Another issue with exploding pyrotechnics over the Memorial is the trash that can never be completely picked up. Left on the sculpture and in the forest are unexploded shells, wadding, plastic, ash, pieces of the devices, and paper; stuff that can never be totally removed in the very steep, rocky, rugged terrain.

All articles on Wildfire Today about Mount Rushmore can be found here.

Author: Bill Gabbert

After working full time in wildland fire for 33 years, he continues to learn, and strives to be a Student of Fire. Google+

13 thoughts on “15 days left to comment on fireworks at Mount Rushmore”

  1. We are definitely getting educated on using fireworks so much and not realizing the pollution it creates. There has to be another way we can celebrate cleanly in the future maybe emphasize on the celebration during the day with parades and coming together with seeing our military fly the planes, and show a patriotic movie or concert in the evening instead. Just an idea but if someone else has ideas I’m hoping to see more responses

    I have been to Mount Rushmore twice and am in awe of the presidents faces carved in the granite Love the history

  2. The fireworks are beautiful, until a wildfire breaks out, I don’t feel like the risk is warranted, I like the idea of a laser light show. Destroying this forest area doesn’t make much sense.

  3. I’ve only been to Mount Rushmore during the day and one time. I thought it was amazing enough.
    I began receiving wildfire today updates because my daughter lived in California and it seemed like a good way to see what was going on in almost real time.
    There is nothing like getting that phone call from your daughter while she’s driving through fire on both sides of the road saying she loves you if she doesn’t make it (Thomas Fire). I don’t wish that phone call on anyone.
    Are fireworks really needed to celebrate?
    I’m just a mom not an expert on wildfires like many of you.

  4. There’s a fourth reason too: Fireworks kill animals. The loud explosions are terrifying for wildlife and companion animals alike. Dogs and cats panic and flee, and shelters see an increase in admissions after fireworks displays. Dogs have even suffered heart attacks and died. Fireworks were also blamed for the deaths of 5,000 birds in Arkansas. The professional-grade explosives scared red-winged blackbirds and European starlings out of their nests and sent them into panicked flight. The night-blind birds crashed into houses, signs, and other obstacles, causing blunt-force trauma and death. Laser light shows have all the grandeur with none of the explosions.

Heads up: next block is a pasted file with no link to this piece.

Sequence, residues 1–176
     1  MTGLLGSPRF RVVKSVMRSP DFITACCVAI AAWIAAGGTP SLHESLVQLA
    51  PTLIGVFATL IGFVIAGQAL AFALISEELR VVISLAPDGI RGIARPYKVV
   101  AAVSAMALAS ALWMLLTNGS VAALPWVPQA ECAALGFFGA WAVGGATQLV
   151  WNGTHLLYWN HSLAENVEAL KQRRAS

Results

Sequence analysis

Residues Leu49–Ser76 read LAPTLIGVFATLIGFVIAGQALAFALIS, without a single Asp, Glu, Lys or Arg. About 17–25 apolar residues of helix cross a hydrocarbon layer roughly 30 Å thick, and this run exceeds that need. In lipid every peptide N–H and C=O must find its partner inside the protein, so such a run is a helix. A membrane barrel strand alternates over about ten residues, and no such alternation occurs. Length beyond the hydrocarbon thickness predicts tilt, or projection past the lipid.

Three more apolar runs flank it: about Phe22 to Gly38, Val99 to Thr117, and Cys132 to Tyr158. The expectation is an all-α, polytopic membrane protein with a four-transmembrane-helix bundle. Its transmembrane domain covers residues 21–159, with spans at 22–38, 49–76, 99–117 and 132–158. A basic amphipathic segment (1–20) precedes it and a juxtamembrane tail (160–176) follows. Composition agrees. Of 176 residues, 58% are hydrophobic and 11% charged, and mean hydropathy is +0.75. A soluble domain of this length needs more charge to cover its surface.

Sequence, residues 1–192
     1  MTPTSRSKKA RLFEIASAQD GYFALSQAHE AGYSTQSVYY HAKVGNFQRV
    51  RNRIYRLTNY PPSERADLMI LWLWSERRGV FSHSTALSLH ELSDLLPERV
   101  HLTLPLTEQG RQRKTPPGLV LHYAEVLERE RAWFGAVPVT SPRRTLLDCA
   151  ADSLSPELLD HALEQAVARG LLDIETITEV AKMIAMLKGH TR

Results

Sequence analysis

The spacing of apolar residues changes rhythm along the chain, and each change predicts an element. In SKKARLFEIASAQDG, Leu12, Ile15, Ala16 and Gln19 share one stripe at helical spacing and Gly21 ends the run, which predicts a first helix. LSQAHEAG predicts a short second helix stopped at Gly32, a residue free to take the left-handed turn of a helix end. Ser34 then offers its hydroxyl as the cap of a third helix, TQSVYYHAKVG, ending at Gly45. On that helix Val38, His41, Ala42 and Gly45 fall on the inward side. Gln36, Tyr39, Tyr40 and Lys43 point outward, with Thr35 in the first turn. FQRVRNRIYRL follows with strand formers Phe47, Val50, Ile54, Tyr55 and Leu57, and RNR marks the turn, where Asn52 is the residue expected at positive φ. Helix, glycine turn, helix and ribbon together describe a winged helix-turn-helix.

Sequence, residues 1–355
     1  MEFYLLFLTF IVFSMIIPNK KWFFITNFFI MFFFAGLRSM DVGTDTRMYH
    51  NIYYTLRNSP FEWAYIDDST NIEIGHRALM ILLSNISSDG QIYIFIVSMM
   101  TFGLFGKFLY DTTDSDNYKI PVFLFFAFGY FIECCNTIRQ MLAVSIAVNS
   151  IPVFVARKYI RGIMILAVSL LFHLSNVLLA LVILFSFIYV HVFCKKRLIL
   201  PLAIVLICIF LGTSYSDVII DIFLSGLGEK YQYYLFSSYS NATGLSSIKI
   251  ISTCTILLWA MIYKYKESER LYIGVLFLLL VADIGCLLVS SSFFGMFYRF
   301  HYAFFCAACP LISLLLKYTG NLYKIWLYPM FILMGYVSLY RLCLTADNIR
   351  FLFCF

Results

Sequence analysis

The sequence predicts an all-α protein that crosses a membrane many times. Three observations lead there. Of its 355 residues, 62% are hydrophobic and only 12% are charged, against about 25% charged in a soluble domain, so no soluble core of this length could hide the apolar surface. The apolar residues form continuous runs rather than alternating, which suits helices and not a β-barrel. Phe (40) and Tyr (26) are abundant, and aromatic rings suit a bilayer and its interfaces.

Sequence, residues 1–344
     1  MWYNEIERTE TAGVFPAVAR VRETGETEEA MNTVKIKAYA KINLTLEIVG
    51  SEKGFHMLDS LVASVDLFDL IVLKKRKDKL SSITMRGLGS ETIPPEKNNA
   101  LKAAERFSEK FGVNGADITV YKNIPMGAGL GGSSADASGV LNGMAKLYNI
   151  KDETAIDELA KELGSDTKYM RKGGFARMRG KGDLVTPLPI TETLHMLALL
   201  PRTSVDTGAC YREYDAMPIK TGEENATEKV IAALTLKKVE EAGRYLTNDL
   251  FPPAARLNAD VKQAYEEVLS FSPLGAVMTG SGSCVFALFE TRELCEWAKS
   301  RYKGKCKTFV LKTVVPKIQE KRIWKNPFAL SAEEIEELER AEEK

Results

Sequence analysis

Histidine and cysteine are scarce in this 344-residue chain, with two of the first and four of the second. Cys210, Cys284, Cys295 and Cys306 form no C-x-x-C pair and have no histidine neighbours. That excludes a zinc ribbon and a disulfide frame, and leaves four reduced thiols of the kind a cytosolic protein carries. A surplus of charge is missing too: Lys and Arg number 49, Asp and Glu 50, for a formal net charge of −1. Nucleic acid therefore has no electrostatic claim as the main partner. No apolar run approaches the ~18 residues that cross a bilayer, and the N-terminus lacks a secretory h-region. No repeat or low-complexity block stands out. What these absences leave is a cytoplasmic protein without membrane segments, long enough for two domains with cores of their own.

5. Any human-caused fire in any forest is an outrage. The potential fire risk for an alleged celebration is obscene. NO NO NO NO NO fireworks in any of our parks, no matter the excuse!!!!!!!! Forests and fireworks need to be mutually exclusive.

  6. Why do humans insist on destroying the beauty of this area! The forest itself is reason enough to NOT have fireworks at Mount Rushmore. The regular lights on the “faces” are enough to create awe and amazement; nothing more is needed. Why anyone would consider fireworks with all the destructive possibilities as well as the trash component, seems utterly irresponsible. I say NO to the fireworks!

  7. Yes, a laser light show… a European style son et lumiere with historical comments… anything but fireworks!
    The mere thought of fireworks gives me chills!

  8. I can’t believe it’s even being considered to have fireworks at Mount Rushmore on the 4th of July. Mount Rushmore is a National Memorial to be loved and respected by all people. The reason fireworks were not allowed is because of fire danger. Let’s enjoy the beauty of the forests and and show honor to our National Memorial. Forest fires have cost the lives of many fire personnel. Do we realize we have a Covid-19 virus affecting our Nation, and around the world. Our country is at the verge of a recession, unemployment is at a all time high and we’re thinking of spending thousands of dollars to send President Trump to watch fireworks at Mount Rushmore. This is one of his many mistakes and thousands of lies. Trump only thinks about himself, save the money and protect our forests. In our time of crisis this is the most ridiculous idea I’ve heard off plus the potential of a forest fire.

  9. How I see things, this whole clown show seems to be self centered around governor Noem Nothing. It’s a tactic to take people’s eyes off the failing of handling C-19 as a leader who wouldn’t heed counsel from public leaders, health experts & Mayor Tenhaken. She is only focused on kissing up to The President with the sole purpose of advancing her political career.